4. Forms of support
What does this mean for the teacher in section 2? What kinds of support could s/he offer? To help the students follow her presentation, she should pay attention to signalling and questioning (3.1) and she could use some visuals (3.2). To help them Learn the new vocabulary, she could simply explain the terms carefully, put them on the board, use some diagrams and maybe (if they need it) translate some of them. To support the students in reading, she might use a chart which shows the structure of the main information: the students read and fill it in. To help them talk in groups, she could either let them use their L1 and require L2 only when they report; or s/he could supply on the board the key words and phrases (especially for classifying) which will help them use the L2 in their group talk. Finally, when they come to write, s/he may supply a writing frame (e.g. the main headings, sections, connectors, phrases for classification and sentence starters).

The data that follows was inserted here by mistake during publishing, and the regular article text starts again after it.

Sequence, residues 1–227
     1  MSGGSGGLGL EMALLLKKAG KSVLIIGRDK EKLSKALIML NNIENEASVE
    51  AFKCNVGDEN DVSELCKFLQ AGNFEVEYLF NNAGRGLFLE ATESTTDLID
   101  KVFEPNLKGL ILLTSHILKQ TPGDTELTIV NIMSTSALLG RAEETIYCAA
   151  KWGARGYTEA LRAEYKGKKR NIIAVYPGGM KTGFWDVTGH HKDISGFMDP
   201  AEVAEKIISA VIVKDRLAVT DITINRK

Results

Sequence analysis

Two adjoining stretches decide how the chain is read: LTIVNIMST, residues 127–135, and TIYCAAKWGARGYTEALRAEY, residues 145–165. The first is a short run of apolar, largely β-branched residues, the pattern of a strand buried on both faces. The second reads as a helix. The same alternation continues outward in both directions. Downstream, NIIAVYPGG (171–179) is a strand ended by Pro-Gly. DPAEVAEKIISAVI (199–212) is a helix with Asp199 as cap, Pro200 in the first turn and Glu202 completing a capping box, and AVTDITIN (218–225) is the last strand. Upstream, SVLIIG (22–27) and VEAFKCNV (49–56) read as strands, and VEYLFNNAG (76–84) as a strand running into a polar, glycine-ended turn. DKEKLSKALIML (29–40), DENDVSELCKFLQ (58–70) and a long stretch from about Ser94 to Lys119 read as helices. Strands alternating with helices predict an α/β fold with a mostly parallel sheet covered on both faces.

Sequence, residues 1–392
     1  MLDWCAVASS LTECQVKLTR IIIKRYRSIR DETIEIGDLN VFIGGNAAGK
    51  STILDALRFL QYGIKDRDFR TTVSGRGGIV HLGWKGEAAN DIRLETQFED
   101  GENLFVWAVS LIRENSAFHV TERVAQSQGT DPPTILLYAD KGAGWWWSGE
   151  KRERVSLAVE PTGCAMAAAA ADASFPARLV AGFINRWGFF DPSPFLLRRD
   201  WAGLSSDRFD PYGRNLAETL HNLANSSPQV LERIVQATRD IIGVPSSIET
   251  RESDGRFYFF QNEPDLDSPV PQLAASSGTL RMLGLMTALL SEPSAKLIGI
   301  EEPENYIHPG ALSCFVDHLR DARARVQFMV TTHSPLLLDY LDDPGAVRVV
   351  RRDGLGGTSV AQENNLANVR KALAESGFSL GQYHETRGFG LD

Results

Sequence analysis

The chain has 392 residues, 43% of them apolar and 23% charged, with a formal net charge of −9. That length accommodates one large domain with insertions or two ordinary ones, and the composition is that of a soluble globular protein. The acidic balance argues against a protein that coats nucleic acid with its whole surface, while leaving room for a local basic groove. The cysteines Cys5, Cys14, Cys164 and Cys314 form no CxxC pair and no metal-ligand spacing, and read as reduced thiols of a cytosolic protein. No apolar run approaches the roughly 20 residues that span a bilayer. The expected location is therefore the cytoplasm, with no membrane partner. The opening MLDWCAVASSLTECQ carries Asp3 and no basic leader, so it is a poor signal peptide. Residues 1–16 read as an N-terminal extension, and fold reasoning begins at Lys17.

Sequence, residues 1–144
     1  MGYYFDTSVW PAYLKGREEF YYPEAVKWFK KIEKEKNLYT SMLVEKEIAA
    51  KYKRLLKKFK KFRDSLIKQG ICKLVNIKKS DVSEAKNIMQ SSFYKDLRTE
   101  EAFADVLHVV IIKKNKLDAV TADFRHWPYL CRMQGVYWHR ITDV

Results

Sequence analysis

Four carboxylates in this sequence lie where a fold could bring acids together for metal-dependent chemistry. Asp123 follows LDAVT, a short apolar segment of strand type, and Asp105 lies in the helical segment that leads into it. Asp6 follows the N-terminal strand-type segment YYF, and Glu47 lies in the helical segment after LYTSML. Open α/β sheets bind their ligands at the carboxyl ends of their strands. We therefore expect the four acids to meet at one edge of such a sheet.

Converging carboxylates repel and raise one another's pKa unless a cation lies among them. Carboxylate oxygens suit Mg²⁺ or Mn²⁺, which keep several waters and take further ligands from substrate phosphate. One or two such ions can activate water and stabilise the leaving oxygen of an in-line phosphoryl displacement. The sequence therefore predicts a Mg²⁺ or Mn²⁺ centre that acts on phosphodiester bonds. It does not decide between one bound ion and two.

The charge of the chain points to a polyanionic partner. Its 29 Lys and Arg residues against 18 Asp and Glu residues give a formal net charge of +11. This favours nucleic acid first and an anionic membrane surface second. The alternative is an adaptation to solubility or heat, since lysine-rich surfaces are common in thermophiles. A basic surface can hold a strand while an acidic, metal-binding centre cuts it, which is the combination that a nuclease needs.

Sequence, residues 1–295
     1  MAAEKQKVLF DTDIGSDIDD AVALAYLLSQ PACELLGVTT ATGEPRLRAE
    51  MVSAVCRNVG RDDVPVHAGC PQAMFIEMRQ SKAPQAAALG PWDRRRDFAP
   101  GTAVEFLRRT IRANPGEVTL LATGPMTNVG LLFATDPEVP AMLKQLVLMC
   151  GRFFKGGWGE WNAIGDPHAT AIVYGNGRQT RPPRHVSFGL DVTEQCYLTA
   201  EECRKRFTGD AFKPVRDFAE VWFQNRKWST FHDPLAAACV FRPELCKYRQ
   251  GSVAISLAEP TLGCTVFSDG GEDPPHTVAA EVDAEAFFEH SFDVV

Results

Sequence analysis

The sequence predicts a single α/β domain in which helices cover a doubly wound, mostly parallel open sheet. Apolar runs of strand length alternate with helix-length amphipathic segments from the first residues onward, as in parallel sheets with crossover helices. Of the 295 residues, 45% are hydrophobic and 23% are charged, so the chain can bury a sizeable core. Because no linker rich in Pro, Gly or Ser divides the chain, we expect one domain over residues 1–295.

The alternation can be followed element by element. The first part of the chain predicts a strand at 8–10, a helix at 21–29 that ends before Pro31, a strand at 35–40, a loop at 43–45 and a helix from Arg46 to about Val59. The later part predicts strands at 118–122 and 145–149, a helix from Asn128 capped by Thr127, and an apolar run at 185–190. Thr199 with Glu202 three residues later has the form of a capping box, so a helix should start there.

Some of the strategies in section 3 will be familiar to most subject teachers. In CLIL classrooms, the issue is simply that they have to use them more and more explicitly. Other strategies may be new to some teachers. The routine analysis of the cognitive and linguistic demands of lessons and the introduction of forms of language support are normally the things which subject teachers are least accustomed to doing. They are therefore the strategies which preparatory training for CLIL teachers needs to focus on most.
Biographical note John Clegg is a freelance education consultant who works with teachers who teach the primary and secondary curriculum through a second language. He works in multicultural schools in the UK, in English-medium education in Africa and in bilingual schools in Europe. He runs training courses for subject teachers teaching through a second language at the University of Nottingham.